In general, I believe that developers are not savvy enough to figure out how to avoid the claims altogether by following the TARION rules more exactly.
So the question of if you should agree to waive your rights to a claim or not – you just need to do some simple math and figure out if it’s worth the potential rental income (and hassle) of renting out your unit.
For example, if you bought a studio on the penthouse floor of a condo, and you are owed $7500 in delayed occupancy fees by the developer, it’s not worth waiving your rights.
Your occupancy period since you are high up is going to be very short, and your rental income on a studio is going to be relatively low.
In this case, you’re better to leave it empty until final closing and take the $7500 delayed occupancy claim instead.
However, if you are a 2 bedroom unit on the 2nd floor of a 50 storey tower, and you are owed $2000 in delayed occupancy fees, you’re better to waive your right to delayed occupancy.
In this case, you’re looking at probably 9 months of occupancy fees to pay, and your potential rental income each month is a lot, so you suck it up, waive the rights to delayed occupancy claim and get it rented ASAP.
For more information about delayed occupancy claims and to find out if you have one, listen to this podcast
Where Can You Advertise Your Unit for Rent During Occupancy?
The most powerful place to advertise a condo rental in Toronto still remains the MLS system which is only accessible by Realtors.
This is why most investors hire an agent to list their condos for rent – to get that premium MLS exposure.
The MLS goes to Realtor.ca, and the data also is scraped and sent to thousands of other websites.
We do help investors every month rent out their condos all across the Greater Toronto Area.
Typically we charge 1 months’ rent for the service of finding a tenant on a 12-month lease.
If you would like to learn more about our rental service, please contact us.
The list of other popular sites is always changing, but as of the time of this article, Zumper/Padmapper is probably the best place to advertise.
Facebook Marketplace is also a very popular place to find tenants in Toronto for landlords.
Should You Rent Out Your Condo by Yourself or Hire a Realtor?
This is a personal choice, but most investors prefer having a Realtor or property management company lease out their units during occupancy (and after final closing too).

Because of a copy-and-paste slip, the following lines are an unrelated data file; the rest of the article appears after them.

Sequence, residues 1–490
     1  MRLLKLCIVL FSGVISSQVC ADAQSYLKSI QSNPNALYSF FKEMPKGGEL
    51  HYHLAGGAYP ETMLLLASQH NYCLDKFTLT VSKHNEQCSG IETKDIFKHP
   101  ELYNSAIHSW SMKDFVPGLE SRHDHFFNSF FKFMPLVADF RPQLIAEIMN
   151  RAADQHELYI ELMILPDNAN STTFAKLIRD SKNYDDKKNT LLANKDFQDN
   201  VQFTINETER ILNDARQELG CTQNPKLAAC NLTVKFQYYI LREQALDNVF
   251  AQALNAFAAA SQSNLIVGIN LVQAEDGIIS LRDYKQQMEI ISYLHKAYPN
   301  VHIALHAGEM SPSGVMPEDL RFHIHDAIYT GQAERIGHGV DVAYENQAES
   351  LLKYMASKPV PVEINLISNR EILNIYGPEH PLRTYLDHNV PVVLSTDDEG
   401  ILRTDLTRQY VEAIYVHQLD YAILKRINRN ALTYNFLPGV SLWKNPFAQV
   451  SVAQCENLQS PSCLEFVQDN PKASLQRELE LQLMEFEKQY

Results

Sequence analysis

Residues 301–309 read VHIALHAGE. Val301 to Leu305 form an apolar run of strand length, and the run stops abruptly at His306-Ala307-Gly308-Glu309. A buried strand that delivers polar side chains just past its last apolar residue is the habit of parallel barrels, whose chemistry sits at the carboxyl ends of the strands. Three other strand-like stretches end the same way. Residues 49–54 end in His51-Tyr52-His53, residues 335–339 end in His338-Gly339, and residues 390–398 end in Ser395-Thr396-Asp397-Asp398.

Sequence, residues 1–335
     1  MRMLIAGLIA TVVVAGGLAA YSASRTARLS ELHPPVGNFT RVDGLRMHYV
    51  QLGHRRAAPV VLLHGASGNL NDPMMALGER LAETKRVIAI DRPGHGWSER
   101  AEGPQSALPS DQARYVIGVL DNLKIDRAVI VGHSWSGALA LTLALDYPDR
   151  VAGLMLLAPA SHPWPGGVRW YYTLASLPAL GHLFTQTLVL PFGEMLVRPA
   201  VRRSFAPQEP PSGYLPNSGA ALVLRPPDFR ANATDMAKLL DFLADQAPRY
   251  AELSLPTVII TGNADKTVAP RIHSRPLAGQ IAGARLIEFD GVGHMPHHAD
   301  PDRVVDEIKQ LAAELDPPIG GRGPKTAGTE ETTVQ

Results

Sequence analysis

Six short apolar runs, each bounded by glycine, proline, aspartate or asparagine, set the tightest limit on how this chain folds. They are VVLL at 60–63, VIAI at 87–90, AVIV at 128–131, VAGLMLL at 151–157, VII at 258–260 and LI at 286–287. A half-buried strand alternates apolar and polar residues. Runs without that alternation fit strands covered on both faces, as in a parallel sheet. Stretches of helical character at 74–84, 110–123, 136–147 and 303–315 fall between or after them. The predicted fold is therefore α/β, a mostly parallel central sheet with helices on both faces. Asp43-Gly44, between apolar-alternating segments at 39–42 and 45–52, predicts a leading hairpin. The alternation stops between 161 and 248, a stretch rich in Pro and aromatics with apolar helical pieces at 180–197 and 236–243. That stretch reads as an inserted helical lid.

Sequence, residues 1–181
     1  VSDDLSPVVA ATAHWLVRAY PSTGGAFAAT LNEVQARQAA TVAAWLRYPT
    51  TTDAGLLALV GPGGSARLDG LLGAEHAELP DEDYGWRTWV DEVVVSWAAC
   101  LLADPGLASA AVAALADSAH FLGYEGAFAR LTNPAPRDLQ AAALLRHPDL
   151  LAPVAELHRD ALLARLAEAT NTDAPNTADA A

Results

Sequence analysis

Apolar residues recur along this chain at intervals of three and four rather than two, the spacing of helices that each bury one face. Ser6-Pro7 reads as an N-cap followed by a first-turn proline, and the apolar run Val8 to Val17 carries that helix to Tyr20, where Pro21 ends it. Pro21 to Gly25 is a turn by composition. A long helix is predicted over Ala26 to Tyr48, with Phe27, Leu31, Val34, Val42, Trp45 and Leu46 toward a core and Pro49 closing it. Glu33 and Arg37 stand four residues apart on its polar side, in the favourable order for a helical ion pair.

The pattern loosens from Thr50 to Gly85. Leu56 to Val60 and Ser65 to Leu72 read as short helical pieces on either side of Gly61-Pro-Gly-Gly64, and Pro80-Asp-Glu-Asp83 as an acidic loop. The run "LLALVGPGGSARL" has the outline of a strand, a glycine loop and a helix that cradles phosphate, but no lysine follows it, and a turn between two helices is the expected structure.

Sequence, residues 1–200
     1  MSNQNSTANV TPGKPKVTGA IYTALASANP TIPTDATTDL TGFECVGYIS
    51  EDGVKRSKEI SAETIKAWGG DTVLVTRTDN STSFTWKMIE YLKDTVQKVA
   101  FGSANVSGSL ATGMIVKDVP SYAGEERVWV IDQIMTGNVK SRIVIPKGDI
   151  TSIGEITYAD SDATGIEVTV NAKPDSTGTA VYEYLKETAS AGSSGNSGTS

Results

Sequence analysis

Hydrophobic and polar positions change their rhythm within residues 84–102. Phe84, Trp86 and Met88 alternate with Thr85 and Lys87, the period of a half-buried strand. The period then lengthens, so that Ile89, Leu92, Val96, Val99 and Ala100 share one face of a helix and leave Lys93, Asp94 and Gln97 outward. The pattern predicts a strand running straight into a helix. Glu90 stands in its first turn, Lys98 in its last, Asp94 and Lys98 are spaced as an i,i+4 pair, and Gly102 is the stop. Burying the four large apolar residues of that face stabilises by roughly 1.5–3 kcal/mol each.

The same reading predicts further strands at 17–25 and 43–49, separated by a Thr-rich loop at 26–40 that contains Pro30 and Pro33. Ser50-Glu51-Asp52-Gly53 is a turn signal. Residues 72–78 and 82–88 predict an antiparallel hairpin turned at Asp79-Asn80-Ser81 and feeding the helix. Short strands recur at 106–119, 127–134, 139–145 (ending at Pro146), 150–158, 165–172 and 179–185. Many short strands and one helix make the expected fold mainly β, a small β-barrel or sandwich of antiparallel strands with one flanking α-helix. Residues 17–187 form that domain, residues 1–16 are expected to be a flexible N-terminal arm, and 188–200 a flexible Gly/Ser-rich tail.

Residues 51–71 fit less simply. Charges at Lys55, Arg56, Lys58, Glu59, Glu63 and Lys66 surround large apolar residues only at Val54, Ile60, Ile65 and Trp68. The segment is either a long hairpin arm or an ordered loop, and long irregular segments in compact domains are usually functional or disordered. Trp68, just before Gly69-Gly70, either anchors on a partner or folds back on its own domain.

You really have to determine a) what your time is worth and b) how confident you are that you won’t mess anything up.
Most investors hire an agent because the fee is nominal compared to the amount of potential time and hassle involved, and to avoid any potential mistakes.
Our team has leased out hundreds of units.
Most investors only lease out a unit once every couple of years.
There are many things that can potentially go wrong if you don’t know what you are doing.
Hiring an expert only costs you a little.
Not hiring an expert can cost you a lot more!
Still prefer to rent out your investment condo by yourself? We have a guide for that too.
Want to hire us to rent out your condo? Contact us today.
Is It More Difficult to Rent Out a Condo During Occupancy Than After Final Closing?
When you rent out a condo in a building that is still in occupancy, the building is under construction, and the amenities and common areas are typically not finished yet.
The unit itself is often not even 100% finished.
Also, there are many other investors getting their keys at the same time, and it’s common for a large number of rental units to hit the market in the building at the same time.
For these reasons, you can typically expect rents to be a little lower in a building that is in the occupancy period than a building that is fully finished and established.
You can also expect the time to find a renter to be a little longer than it will be in subsequent years when there are only a handful of units available in the building at any given time.
My Building Is Under Construction So I Have to Rent My Unit for Less Than Market Value, Can I Increase the Rent Later?